Losing a loved one can be the one of the most stressful experiences in life. It has been estimated that for every suicide at least six people experience intense grief. Grief is a natural response to the loss of loved one, but when someone has lost a loved one to suicide, they experience more than just grief. When people are bereaved by suicide, they may experience intense feelings of rejection, a greater need to conceal the cause of death, more shame, and blaming and social stigmatization than other surviving groups. Furthermore, people who have discovered the body of someone who has died by suicide have often described this as a traumatic experience that cause flashbacks and intrusive thoughts.
Partners or spouses that have lost a loved one to suicide pose a risk factor for suicide. Therefore, they are especially in need of intervention aimed at reducing their grief, more so than those who have lost a loved one to natural causes. Even though studies have shown that the vast majority of people bereaved by suicide are in great need of professional support, only about half of them reach out for help to crisis teams, support groups, or mental health services.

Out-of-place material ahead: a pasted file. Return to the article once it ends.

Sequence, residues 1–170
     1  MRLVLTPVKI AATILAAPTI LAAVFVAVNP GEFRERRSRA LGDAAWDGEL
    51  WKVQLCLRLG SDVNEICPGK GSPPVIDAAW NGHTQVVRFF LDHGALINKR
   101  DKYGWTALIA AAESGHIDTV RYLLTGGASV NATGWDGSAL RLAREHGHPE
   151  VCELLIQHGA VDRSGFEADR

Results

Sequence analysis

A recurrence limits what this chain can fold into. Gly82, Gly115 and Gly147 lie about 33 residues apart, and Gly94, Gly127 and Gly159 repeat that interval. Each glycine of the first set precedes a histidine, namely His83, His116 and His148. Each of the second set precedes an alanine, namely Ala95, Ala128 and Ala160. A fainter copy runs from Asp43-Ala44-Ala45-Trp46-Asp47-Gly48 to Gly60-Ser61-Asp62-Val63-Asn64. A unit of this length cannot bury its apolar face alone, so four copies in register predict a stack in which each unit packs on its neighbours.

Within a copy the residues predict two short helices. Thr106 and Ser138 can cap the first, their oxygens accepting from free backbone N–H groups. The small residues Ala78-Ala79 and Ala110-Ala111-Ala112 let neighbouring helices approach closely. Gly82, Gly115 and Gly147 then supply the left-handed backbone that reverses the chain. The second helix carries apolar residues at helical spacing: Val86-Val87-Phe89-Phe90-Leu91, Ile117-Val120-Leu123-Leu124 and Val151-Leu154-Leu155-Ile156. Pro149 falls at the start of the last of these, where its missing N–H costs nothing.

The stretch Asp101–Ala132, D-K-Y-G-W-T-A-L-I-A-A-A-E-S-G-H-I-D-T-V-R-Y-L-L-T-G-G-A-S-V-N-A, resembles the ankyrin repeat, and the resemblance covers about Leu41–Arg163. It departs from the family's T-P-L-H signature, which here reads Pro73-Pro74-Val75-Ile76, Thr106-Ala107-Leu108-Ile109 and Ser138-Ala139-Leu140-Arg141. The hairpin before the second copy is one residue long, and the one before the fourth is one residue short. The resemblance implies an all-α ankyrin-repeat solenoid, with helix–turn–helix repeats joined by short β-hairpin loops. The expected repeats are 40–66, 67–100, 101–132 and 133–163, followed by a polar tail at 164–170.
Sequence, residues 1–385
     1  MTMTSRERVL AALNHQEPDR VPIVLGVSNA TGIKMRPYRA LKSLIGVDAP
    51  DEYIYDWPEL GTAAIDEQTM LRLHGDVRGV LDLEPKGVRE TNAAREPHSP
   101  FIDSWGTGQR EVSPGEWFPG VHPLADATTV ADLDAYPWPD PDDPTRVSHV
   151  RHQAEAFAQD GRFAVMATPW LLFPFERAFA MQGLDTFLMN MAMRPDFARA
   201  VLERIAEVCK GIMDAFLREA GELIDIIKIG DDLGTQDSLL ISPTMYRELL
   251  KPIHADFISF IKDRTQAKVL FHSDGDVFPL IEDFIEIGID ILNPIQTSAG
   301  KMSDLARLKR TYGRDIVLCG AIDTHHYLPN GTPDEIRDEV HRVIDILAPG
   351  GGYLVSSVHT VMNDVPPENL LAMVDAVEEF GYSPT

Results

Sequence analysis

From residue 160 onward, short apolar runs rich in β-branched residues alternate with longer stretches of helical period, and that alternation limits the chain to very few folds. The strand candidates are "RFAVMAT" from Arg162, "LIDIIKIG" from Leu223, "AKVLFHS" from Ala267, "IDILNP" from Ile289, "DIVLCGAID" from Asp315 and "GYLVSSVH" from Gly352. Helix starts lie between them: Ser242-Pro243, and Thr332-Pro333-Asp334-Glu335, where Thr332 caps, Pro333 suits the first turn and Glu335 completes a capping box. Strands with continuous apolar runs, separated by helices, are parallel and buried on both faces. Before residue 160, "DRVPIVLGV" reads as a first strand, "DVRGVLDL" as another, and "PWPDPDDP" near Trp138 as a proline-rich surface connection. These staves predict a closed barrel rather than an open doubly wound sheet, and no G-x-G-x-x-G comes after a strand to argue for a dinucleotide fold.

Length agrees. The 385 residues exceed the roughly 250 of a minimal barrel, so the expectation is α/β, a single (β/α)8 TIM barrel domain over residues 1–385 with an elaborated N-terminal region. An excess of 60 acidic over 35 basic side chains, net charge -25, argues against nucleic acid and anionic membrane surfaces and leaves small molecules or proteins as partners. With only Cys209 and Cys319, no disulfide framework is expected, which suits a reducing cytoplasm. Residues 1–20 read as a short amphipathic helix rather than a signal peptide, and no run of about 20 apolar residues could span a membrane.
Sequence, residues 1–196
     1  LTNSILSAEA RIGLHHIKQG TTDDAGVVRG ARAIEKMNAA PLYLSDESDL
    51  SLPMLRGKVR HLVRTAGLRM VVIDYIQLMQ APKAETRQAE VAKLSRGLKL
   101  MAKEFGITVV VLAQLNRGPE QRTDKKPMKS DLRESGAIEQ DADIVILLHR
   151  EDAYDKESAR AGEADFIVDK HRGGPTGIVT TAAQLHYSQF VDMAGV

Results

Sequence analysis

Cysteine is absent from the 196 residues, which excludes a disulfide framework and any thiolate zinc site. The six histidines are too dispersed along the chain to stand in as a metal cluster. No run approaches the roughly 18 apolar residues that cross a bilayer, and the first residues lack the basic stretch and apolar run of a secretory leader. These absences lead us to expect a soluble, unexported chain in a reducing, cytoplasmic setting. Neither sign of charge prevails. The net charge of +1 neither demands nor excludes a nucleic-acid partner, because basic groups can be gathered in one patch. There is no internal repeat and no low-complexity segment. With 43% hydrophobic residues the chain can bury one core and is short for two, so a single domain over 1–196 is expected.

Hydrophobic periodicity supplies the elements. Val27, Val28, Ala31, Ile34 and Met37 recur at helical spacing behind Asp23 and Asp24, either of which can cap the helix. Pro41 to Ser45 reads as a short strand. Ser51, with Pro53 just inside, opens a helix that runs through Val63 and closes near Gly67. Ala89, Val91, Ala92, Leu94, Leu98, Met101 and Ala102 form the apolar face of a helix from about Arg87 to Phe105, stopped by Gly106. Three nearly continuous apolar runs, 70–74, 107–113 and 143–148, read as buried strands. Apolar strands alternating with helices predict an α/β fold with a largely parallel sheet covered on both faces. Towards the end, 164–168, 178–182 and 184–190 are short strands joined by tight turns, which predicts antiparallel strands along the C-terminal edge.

If you, or someone you know has lost someone they love to suicide we encourage you to seek intervention to help with the grieving process. Below is a link that will show you multiple support groups in the Pensacola, Fl area.
Linde, K., Treml, J., Steinig, J., Nagl, M., & Kersting, A. (2017). Grief interventions for people bereaved by suicide: A systematic review. PLoS One, 12(6) doi:http://dx.doi.org/10.1371/journal.pone.0179496